World Health Organisation pushes for tax on sugary drinks

16 October 2016
Cans of fizzy drink

Taxing sugary drinks can lower consumption and reduce obesity, type 2 diabetes and tooth decay, says a new World Health Organisation (WHO) report.

Policies that introduce at least a 20% increase in the retail price of sugary drinks would result in proportional reductions in consumption of sugary drinks, according to the report, “Fiscal policies for Diet and Prevention of Non-communicable Diseases (NCDs)”.

The report says that reduced consumption of sugary drinks means:

  • lower intake of “free sugars” and calories overall

  • improved nutrition

  • fewer people suffering from overweight, obesity, diabetes and tooth decay.

Free sugars include monosaccharides (such as glucose or fructose) and disaccharides (such as sucrose or table sugar) which are added to foods and drinks, as well as sugars naturally present in honey, syrups, fruit juices, and fruit juice concentrates.

The director of WHO’s Department for the Prevention of NCDs, Dr Douglas Bettcher, says obesity is on the rise globally and action is needed.

“Consumption of free sugars, including products like sugary drinks, is a major factor in the global increase of people suffering from obesity and diabetes. If governments tax products like sugary drinks, they can reduce suffering and save lives. They can also cut healthcare costs and increase revenues to invest in health services,” he says.

According to the new WHO report, national dietary surveys indicate that drinks and foods high in free sugars can be a major source of unnecessary calories in people’s diets, particularly children, adolescents and young adults.

It also points out that some groups, including people living on low incomes, young people and those who frequently consume unhealthy foods and beverages, are most responsive to changes in prices of drinks and foods and, therefore, gain the highest health benefits.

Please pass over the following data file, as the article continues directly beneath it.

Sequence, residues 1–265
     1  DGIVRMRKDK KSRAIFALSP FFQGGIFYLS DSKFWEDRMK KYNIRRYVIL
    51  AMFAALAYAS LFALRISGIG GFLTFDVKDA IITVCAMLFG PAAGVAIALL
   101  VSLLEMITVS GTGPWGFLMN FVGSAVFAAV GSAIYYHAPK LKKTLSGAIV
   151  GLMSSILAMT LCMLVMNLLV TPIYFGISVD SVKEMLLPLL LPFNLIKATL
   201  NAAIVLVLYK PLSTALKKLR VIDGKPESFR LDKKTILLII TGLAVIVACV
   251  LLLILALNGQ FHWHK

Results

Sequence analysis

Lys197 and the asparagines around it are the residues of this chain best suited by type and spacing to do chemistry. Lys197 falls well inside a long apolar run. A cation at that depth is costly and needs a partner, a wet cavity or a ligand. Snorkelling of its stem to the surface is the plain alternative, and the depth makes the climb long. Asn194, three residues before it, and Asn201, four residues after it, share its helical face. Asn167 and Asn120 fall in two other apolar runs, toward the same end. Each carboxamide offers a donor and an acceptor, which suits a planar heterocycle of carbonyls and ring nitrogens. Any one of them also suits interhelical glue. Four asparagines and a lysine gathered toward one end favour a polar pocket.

The report recommends fiscal policies which target key foods and beverages.

The authors reviewed research into the effectiveness of fiscal policy interventions to improve diets and prevent NCDs and conclude:

  • Subsidies for fresh fruits and vegetables that reduce prices by 10–30% can increase fruit and vegetable consumption.
  • Taxation of certain foods and drinks, particularly those high in saturated fats, trans fat, free sugars and/or salt appears promising, with existing evidence clearly showing that increases in the prices of such products reduces their consumption.
  • Excise taxes, such as those used on tobacco products, that apply a set (specific) amount of tax on a given quantity or volume of the product, or particular ingredient, are likely to be more effective than sales or other taxes based on a percentage of the retail price.
  • Public support for such tax increases could be increased if the revenue they generate is earmarked for efforts to improve health systems, encourage healthier diets and increase physical activity.

A number of countries have taken fiscal measures to protect people from unhealthy products. These include Mexico, which has implemented an excise tax on non-alcoholic beverages with added sugar, and Hungary, which has imposed a tax on packaged products with high sugars, salt or caffeine levels.

Countries, such as the Philippines, South Africa and the United Kingdom of Great Britain and Northern Ireland have also announced intentions to implement taxes on sugary drinks.